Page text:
Influence of nutrition on muscle metabolism and performance during prolonged intermittent high intensity shuttle running in man
thesisposted on 2014-01-03, 12:32 authored by Ceri W. Nicholas
The purpose of this thesis was to study the effects of I) carbohydrate intake, either during or in the recovery from exhaustive intermittent exercise, and 2) oral creatine supplementation for 5 days, on metabolism, performance and endurance capacity during a prolonged intermittent high intensity shuttle run test (PIHSRT). Prolonged intermittent high intensity running is an activity pattern which is typical of the multiple sprint sports such as soccer, hockey and rugby. Understanding the physiological and metabolic responses to this type of activity can improve our understanding of the aetiology of fatigue and how training and nutritional intervention can improve performance during prolonged intermittent high intensity running. The aims of the first and second studies were to investigate the effect of increased carbohydrate availability, by ingesting additional carbohydrate in the recovery from (Chapter 4) and by drinking a carbohydrate-electrolyte solution immediately prior to, and during (Chapter 5), prolonged intermittent high intensity running. In the first study (Chapter 4), six games players performed two prolonged intermittent high intensity shuttle run tests (PIHSRT) consisting of a fixed 70 min period of intermittent exercise (Part A) followed by high intensity intermittent running to fatigue (Part B), separated by 22 h recovery, on two occasions, separated by one week. During the 22 h recovery, subjects were prescribed their normal dietary intake of carbohydrate plus the additional energy needed to consume the equivalent of 10 g.kg·1bm.day·l. This extra energy was consumed either in the form of carbohydrate (the CHO trial) or as fat and protein (the CON trial). No differences in sprint performance were observed 22 h following either recovery diet. High intensity running capacity was improved after 22 h in the CHO trial (T2) by 16% (P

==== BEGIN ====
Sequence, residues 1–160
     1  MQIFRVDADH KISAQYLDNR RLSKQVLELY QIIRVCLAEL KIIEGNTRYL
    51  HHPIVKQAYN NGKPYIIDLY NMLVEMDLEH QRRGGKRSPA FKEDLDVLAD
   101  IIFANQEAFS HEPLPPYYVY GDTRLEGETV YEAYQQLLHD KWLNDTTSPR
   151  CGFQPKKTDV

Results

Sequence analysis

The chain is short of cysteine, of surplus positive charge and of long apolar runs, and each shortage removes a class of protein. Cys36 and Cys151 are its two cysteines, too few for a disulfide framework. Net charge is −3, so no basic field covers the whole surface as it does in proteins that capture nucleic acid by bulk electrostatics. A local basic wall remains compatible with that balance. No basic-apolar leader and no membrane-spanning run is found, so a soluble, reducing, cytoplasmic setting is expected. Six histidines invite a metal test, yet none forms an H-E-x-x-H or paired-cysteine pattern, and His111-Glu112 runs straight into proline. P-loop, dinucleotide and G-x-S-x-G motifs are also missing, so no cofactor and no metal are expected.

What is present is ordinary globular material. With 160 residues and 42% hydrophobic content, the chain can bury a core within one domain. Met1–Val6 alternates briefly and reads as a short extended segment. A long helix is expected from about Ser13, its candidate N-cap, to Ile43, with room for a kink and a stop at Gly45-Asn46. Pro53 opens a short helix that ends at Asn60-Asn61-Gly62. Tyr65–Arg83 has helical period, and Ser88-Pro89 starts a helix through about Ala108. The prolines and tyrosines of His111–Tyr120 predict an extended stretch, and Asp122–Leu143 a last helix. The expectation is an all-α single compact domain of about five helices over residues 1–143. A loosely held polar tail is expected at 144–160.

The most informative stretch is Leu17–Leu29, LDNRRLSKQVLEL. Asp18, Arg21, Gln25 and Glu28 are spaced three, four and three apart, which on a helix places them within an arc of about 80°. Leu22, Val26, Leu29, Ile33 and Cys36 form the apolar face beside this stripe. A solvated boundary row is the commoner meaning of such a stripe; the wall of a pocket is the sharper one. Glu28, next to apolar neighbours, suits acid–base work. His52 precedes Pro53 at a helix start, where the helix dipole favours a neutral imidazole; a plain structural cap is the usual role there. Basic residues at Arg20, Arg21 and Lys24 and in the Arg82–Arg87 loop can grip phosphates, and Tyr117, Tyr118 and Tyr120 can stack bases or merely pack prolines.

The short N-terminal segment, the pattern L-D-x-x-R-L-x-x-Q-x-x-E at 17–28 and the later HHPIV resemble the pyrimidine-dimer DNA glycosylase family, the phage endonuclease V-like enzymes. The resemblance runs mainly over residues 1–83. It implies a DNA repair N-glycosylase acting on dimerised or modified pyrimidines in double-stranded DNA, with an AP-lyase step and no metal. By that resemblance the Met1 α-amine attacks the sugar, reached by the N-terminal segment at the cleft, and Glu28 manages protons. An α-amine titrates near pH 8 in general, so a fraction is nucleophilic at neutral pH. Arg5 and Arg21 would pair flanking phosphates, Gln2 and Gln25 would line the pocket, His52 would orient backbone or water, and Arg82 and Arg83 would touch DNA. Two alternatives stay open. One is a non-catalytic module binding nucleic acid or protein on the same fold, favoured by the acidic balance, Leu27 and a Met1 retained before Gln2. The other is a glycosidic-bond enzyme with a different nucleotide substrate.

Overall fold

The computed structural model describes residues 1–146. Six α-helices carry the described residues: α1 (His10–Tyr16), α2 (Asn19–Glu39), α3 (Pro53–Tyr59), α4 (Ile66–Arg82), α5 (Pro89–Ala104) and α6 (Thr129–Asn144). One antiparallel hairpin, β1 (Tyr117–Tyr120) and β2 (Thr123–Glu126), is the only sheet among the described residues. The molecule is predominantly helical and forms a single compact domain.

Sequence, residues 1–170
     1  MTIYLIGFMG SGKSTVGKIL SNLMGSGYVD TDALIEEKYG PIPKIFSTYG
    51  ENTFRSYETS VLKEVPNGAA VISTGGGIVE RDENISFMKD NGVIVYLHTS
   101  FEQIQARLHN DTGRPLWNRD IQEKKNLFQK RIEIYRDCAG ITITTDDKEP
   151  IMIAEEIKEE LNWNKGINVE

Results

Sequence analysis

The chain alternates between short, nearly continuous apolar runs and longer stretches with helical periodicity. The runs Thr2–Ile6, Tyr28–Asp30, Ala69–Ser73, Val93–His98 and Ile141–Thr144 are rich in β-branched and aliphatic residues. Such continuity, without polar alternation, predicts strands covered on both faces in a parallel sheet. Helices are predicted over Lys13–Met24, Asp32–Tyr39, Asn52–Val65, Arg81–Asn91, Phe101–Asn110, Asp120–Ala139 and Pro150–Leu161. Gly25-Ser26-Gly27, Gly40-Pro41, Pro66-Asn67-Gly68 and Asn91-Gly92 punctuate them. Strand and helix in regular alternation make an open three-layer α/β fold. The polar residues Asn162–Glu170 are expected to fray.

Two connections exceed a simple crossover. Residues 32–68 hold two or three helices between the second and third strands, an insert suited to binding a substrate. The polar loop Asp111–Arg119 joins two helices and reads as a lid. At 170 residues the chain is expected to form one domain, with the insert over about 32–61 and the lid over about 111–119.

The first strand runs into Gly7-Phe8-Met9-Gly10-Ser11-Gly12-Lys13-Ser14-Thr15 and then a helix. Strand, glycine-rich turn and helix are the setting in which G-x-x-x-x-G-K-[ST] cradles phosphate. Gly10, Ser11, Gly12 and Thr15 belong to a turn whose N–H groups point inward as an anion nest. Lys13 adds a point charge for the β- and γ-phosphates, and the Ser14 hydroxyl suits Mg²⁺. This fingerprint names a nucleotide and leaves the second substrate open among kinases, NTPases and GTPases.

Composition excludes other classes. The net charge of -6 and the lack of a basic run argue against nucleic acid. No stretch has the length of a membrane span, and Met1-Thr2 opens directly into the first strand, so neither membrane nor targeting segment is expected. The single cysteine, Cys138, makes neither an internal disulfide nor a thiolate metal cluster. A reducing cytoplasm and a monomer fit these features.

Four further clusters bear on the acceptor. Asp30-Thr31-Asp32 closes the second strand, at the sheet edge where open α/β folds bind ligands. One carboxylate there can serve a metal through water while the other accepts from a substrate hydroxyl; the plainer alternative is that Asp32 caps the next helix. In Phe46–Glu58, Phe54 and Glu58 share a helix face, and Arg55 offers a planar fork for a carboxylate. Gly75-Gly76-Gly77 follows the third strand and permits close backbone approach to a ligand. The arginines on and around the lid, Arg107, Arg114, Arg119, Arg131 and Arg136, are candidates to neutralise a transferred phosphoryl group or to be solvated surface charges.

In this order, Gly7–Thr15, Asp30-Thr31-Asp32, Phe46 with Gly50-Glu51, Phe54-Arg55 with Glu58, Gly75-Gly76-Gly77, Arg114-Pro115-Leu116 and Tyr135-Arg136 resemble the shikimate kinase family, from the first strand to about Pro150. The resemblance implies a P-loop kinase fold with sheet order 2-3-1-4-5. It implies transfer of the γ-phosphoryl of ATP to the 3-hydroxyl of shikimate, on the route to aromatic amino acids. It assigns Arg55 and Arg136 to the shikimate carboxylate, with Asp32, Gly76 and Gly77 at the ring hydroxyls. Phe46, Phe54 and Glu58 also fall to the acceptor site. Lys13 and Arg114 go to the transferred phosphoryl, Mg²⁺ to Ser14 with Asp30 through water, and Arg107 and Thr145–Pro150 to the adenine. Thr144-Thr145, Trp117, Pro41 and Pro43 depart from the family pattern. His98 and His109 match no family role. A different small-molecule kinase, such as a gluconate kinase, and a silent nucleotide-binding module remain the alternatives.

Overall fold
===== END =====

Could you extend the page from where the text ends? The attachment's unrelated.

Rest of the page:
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- Sport, Exercise and Health Sciences
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NotesA Doctoral Thesis. Submitted in partial fulfilment of the requirements for the award of Doctor of Philosophy of Loughborough University.